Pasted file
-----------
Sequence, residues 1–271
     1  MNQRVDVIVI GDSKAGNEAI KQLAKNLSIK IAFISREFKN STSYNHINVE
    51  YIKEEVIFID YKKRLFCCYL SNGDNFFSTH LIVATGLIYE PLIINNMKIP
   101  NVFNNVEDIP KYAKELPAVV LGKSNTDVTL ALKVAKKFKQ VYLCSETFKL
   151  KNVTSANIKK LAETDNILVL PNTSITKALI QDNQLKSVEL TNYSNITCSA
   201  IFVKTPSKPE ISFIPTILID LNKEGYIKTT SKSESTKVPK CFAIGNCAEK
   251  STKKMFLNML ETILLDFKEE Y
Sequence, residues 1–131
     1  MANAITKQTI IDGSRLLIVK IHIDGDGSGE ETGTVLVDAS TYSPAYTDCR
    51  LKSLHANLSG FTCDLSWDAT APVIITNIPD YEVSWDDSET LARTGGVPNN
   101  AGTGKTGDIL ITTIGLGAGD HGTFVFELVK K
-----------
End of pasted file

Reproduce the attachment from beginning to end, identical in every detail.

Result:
Sequence, residues 1–271
     1  MNQRVDVIVI GDSKAGNEAI KQLAKNLSIK IAFISREFKN STSYNHINVE
    51  YIKEEVIFID YKKRLFCCYL SNGDNFFSTH LIVATGLIYE PLIINNMKIP
   101  NVFNNVEDIP KYAKELPAVV LGKSNTDVTL ALKVAKKFKQ VYLCSETFKL
   151  KNVTSANIKK LAETDNILVL PNTSITKALI QDNQLKSVEL TNYSNITCSA
   201  IFVKTPSKPE ISFIPTILID LNKEGYIKTT SKSESTKVPK CFAIGNCAEK
   251  STKKMFLNML ETILLDFKEE Y
Sequence, residues 1–131
     1  MANAITKQTI IDGSRLLIVK IHIDGDGSGE ETGTVLVDAS TYSPAYTDCR
    51  LKSLHANLSG FTCDLSWDAT APVIITNIPD YEVSWDDSET LARTGGVPNN
   101  AGTGKTGDIL ITTIGLGAGD HGTFVFELVK K